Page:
Gabapentin abuse poses a risk of polysubstance abuse because of how commonly it is mixed with opioids.  Individuals mix the drugs to enhance the effects of opioids and avoid withdrawal symptoms associated with opioid addiction. This is extremely dangerous, as the mixture of these two drugs can become deadly.


Individuals may not realize that gabapentin has a high risk of overdose because of the loose laws surrounding this prescription medication. However, it is possible to overdose on gabapentin.

The symptoms of gabapentin overdose include:

gabapentin overdose symptoms

  • Decreased muscle coordination
  • Difficulty breathing
  • Diarrhea
  • Eyelids appearing droopy (ptosis)
  • Inactivity or overexcitation
  • Double vision
  • Unusual patterns of speech
  • Lethargy and sedation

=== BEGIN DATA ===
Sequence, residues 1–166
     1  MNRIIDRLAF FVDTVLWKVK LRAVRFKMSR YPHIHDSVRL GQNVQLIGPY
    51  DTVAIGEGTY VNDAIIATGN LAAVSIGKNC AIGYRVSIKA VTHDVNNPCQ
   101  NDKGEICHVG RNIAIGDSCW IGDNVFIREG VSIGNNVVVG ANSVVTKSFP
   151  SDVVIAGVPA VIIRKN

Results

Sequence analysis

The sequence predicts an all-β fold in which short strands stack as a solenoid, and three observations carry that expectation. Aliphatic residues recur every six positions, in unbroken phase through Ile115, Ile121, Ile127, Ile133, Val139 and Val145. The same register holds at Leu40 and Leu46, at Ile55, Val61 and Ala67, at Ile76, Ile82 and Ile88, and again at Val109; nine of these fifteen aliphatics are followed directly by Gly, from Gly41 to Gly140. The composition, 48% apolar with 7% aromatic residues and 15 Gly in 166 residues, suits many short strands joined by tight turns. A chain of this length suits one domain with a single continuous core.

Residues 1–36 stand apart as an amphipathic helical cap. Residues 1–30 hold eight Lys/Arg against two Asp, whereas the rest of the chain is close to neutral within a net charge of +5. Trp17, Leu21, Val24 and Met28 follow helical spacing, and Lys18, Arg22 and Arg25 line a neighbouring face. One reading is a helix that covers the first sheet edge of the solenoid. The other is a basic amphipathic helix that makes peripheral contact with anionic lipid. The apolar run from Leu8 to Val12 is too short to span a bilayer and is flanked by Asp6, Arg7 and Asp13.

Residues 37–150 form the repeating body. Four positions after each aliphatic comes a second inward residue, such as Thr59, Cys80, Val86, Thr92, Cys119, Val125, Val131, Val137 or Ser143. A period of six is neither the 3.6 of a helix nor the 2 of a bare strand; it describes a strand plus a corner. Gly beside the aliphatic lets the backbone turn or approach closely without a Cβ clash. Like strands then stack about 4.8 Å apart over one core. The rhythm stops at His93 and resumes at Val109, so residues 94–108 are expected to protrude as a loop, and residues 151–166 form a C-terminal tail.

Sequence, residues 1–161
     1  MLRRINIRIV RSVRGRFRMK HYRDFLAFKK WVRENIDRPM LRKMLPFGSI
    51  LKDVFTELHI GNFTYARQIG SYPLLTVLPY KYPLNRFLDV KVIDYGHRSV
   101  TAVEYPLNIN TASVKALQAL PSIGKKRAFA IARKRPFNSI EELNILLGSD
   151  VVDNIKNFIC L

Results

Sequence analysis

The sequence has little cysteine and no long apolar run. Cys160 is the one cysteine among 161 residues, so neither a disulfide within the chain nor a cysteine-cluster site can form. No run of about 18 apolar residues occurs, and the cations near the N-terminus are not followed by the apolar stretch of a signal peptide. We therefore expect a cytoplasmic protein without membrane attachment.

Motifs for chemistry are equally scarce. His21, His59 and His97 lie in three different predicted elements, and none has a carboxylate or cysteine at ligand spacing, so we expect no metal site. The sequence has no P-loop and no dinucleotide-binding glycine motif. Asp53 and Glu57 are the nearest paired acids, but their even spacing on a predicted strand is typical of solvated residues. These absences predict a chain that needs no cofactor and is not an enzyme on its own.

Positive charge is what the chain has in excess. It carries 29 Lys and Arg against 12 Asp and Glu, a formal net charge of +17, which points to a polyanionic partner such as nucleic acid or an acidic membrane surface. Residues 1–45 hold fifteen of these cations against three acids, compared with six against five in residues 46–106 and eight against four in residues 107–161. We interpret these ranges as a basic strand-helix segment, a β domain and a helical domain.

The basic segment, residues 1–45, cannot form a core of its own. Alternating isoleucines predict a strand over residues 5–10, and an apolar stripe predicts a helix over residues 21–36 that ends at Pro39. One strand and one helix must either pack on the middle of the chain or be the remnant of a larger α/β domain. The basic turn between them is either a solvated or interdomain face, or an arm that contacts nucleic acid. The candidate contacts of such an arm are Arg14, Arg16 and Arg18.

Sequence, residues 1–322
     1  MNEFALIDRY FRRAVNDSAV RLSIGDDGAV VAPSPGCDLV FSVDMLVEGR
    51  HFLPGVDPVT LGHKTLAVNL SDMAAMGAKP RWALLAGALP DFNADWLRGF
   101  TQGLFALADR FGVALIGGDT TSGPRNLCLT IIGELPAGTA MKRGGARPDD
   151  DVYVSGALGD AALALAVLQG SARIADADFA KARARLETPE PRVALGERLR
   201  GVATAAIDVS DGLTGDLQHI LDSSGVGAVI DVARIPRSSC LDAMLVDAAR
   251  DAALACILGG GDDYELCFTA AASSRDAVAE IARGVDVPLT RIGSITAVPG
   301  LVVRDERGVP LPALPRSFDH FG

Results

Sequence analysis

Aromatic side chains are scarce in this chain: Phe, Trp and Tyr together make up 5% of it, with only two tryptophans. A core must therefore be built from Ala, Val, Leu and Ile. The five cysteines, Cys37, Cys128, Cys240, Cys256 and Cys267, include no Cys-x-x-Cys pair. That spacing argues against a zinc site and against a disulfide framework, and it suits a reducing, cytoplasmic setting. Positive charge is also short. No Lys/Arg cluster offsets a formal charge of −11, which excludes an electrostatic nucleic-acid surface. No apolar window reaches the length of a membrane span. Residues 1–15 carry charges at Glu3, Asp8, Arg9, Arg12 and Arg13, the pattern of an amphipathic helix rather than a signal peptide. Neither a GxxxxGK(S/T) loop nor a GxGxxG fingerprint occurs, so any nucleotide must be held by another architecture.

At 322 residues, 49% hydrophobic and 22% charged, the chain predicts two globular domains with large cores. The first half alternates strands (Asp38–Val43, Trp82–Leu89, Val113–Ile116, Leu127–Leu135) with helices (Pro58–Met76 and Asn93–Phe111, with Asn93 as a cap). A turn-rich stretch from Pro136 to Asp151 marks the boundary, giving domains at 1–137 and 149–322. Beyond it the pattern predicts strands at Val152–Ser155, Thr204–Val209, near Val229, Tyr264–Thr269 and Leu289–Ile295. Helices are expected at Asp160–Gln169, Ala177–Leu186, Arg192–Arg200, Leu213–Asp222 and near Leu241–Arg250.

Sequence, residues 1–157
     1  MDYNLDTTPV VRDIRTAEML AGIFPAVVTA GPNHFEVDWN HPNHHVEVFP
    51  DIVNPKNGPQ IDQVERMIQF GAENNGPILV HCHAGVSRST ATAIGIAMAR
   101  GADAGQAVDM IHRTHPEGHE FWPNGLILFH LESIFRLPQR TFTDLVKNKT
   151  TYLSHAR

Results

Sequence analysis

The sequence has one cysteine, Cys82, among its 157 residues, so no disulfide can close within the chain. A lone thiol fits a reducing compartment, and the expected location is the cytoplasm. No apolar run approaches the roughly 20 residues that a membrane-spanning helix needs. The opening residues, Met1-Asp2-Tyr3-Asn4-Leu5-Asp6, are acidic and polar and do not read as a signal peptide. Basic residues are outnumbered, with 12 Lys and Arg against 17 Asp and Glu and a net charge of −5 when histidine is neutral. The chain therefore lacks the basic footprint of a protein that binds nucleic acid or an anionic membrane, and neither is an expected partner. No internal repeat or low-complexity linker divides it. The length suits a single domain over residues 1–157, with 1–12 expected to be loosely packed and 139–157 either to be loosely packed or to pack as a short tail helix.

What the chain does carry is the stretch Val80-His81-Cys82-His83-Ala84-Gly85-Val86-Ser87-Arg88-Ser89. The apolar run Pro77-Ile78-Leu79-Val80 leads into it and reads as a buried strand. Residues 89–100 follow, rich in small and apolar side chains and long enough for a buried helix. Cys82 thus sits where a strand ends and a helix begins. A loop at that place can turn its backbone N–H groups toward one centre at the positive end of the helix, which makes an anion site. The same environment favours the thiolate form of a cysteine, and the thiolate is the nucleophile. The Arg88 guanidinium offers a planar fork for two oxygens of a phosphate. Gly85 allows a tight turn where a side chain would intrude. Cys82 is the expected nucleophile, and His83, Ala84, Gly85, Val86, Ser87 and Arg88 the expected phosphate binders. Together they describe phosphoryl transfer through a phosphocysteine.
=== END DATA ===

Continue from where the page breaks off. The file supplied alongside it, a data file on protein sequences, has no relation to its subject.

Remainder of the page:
Unfortunately, there is not a medication to reverse gabapentin overdose as there is for opioid overdose. The only way to treat a gabapentin overdose is with professional medical attention and kidney dialysis. Individuals experiencing an overdose must receive professional medical attention immediately.

Treatment for Gabapentin Abuse and Addiction

Gabapentin addiction is not something to be ignored. If your loved one is currently addicted to gabapentin and refusing help, New Jersey Interventions is ready to step in. With our highly experienced professional interventionists, we can help your loved one accept professional addiction treatment before it’s too late. Contact us today to get started.



Medically Reviewed: December 14, 2021

Dr Ashley

Medical Reviewer

Chief Editor


All of the information on this page has been reviewed and verified by a certified addiction professional.

Dr Ashley Murray obtained her MBBCh Cum Laude in 2016. She currently practices in the public domain in South Africa. She has an interest in medical writing and has a keen interest in evidence-based medicine.

All of the information on this page has been reviewed and verified by a certified addiction professional.